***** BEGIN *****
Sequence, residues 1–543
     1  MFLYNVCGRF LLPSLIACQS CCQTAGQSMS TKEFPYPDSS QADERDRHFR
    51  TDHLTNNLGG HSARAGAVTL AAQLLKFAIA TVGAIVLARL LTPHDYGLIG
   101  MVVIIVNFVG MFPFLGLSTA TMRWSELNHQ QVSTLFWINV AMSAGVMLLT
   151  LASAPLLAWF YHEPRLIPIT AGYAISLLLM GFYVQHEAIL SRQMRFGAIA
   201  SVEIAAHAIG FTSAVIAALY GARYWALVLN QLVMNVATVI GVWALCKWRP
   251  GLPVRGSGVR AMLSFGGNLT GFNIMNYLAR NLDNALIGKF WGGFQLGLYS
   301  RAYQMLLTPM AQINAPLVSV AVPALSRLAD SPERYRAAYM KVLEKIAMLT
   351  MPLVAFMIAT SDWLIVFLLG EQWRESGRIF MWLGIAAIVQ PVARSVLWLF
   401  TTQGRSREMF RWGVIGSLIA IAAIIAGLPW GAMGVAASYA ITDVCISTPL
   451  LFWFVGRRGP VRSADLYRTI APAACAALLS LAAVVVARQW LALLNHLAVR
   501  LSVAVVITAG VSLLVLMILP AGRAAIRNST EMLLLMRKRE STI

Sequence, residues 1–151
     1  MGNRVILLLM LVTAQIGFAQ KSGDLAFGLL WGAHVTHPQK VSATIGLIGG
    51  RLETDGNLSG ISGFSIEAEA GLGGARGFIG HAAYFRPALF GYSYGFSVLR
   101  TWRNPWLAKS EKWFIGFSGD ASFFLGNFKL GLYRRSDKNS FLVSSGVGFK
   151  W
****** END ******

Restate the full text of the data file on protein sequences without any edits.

Sequence, residues 1–543
     1  MFLYNVCGRF LLPSLIACQS CCQTAGQSMS TKEFPYPDSS QADERDRHFR
    51  TDHLTNNLGG HSARAGAVTL AAQLLKFAIA TVGAIVLARL LTPHDYGLIG
   101  MVVIIVNFVG MFPFLGLSTA TMRWSELNHQ QVSTLFWINV AMSAGVMLLT
   151  LASAPLLAWF YHEPRLIPIT AGYAISLLLM GFYVQHEAIL SRQMRFGAIA
   201  SVEIAAHAIG FTSAVIAALY GARYWALVLN QLVMNVATVI GVWALCKWRP
   251  GLPVRGSGVR AMLSFGGNLT GFNIMNYLAR NLDNALIGKF WGGFQLGLYS
   301  RAYQMLLTPM AQINAPLVSV AVPALSRLAD SPERYRAAYM KVLEKIAMLT
   351  MPLVAFMIAT SDWLIVFLLG EQWRESGRIF MWLGIAAIVQ PVARSVLWLF
   401  TTQGRSREMF RWGVIGSLIA IAAIIAGLPW GAMGVAASYA ITDVCISTPL
   451  LFWFVGRRGP VRSADLYRTI APAACAALLS LAAVVVARQW LALLNHLAVR
   501  LSVAVVITAG VSLLVLMILP AGRAAIRNST EMLLLMRKRE STI

Sequence, residues 1–151
     1  MGNRVILLLM LVTAQIGFAQ KSGDLAFGLL WGAHVTHPQK VSATIGLIGG
    51  RLETDGNLSG ISGFSIEAEA GLGGARGFIG HAAYFRPALF GYSYGFSVLR
   101  TWRNPWLAKS EKWFIGFSGD ASFFLGNFKL GLYRRSDKNS FLVSSGVGFK
   151  W